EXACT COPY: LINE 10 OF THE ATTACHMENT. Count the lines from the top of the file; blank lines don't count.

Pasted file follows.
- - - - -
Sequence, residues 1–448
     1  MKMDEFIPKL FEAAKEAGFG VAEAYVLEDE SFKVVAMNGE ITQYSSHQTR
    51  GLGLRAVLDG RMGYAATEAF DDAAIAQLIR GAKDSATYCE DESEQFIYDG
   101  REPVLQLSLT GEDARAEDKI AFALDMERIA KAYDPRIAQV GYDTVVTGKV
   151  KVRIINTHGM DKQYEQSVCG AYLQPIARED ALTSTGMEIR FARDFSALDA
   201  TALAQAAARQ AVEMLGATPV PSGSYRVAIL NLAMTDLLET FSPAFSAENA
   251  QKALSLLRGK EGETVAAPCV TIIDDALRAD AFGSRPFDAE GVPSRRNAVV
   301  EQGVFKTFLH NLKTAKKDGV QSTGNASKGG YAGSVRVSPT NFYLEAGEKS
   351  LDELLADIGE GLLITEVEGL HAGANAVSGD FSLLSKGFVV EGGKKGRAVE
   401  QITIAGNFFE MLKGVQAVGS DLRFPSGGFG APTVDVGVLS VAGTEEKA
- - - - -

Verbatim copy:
   401  QITIAGNFFE MLKGVQAVGS DLRFPSGGFG APTVDVGVLS VAGTEEKA